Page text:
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Influenza Quick Facts
- Influenza, often referred to as “flu,” is a viral respiratory disease caused by type A or type B influenza viruses, which constantly mutate, and are infectious in humans and animals. Different influenza strains cause outbreaks and epidemics and, infrequently, cause pandemics that spread globally and are usually associated with more severe disease and increased mortality. Historically, influenza pandemics have involved type A influenza strains like the one that caused the 1918-19 influenza pandemic.
- Symptoms of influenza include fever, chills, headache, sore throat, runny or stuffy nose, coughing, sneezing, and sometimes vomiting and diarrhea. Serious complications of influenza infection include dehydration, bronchitis, bacterial or viral pneumonia, otitis media (ear infection) and, in very severe cases, death. The majority of people recover from type A or B influenza without serious complications. The elderly, very young children, pregnant women and persons with certain chronic diseases, like asthma and heart or lung disease, are at higher risk for influenza complications.
- Over 70 percent of all respiratory infections that occur during the “flu season” are not type A or type B influenza because there are many other viruses and bacteria that can cause respiratory “influenza-like illness” (ILI). ILI infection symptoms are similar to influenza symptoms and only lab tests can confirm whether an individual has been infected by influenza or an ILI.
- Influenza viruses are primarily spread through coughing and sneezing. Public health officials say that, for a limited time period, influenza can also be transmitted if an uninfected person touches or uses items that have been recently handled by an infected person.
- Frequent hand washing; covering the mouth while coughing; staying home when sick and avoiding contact with infected individuals; staying hydrated and eating nutritious food; lowering stress and getting plenty of exercise; sleep and vitamin D are helpful in the preventing influenza and ILI infections. (View NVIC's 3 minute flu prevention video.)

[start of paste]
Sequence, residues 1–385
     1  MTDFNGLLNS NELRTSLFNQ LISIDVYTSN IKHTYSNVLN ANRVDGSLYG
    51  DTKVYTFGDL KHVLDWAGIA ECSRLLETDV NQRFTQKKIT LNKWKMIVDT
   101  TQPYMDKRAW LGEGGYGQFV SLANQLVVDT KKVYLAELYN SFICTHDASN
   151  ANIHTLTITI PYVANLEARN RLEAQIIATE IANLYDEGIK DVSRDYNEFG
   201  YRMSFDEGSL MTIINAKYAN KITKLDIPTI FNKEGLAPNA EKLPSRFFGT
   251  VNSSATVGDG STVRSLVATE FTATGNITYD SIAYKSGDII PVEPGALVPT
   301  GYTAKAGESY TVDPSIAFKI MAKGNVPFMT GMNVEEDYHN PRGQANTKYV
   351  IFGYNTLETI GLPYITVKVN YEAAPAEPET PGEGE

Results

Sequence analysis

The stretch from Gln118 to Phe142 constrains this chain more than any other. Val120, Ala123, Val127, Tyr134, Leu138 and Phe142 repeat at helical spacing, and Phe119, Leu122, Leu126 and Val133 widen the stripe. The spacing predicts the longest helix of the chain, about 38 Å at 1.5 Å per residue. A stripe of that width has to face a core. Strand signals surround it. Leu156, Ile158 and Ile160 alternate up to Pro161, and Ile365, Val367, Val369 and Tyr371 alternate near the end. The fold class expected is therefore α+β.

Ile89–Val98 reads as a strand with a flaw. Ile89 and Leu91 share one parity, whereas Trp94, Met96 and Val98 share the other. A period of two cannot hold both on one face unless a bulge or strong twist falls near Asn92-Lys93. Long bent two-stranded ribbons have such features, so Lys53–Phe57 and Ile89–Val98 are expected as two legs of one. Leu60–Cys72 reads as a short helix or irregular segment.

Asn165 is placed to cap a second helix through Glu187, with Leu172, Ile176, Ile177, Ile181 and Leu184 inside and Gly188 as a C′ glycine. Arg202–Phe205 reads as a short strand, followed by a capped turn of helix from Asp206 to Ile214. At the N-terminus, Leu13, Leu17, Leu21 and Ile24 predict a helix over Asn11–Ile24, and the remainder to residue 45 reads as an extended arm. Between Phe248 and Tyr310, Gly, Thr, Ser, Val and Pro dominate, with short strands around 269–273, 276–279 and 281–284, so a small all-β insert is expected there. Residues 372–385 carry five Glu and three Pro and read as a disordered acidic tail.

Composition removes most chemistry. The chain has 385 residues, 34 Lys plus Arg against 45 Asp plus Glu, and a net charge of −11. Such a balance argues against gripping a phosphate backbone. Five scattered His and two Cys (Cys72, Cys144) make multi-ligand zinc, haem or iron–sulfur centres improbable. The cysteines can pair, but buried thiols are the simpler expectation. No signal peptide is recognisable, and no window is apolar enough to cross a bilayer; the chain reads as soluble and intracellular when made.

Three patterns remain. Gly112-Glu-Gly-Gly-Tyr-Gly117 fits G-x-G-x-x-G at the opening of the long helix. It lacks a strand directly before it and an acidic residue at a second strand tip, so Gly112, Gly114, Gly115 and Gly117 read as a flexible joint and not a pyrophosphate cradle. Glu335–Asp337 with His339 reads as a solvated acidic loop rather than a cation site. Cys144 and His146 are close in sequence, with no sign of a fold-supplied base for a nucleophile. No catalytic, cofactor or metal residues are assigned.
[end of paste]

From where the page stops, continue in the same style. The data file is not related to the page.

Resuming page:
Influenza (Flu) Vaccines
- There are several different influenza vaccines licensed by the U.S. Food and Drug Administration (FDA) and distributed by manufacturers for use in the U.S. that are recommended by the US Centers for Disease Control (CDC) for different age groups. Seasonal influenza vaccines in the U.S. contain two type A influenza viruses and two type B influenza viruses (Quadrivalent) that are selected every year by the World Health Organization (WHO) and U.S. Centers for Disease Control (CDC) for inclusion in influenza vaccines given during the current flu season.
- Most of the influenza vaccines in use in the U.S. are injectable, inactivated vaccines that are made using chicken embryos, insect cells, or dog kidney cells. Depending upon the vaccine manufacturer, some influenza vaccines contain an oil in water squalene adjuvant that hyper-stimulates the immune system to produce a stronger antibody response. Injectable influenza vaccines packaged in multi-dose vials contain the mercury preservative thimerosal, and inactivated influenza vaccines packaged in single dose vials are either thimerosal-free or contain trace amounts of the mercury preservative, while the live attenuated nasal vaccine contains no thimerosal.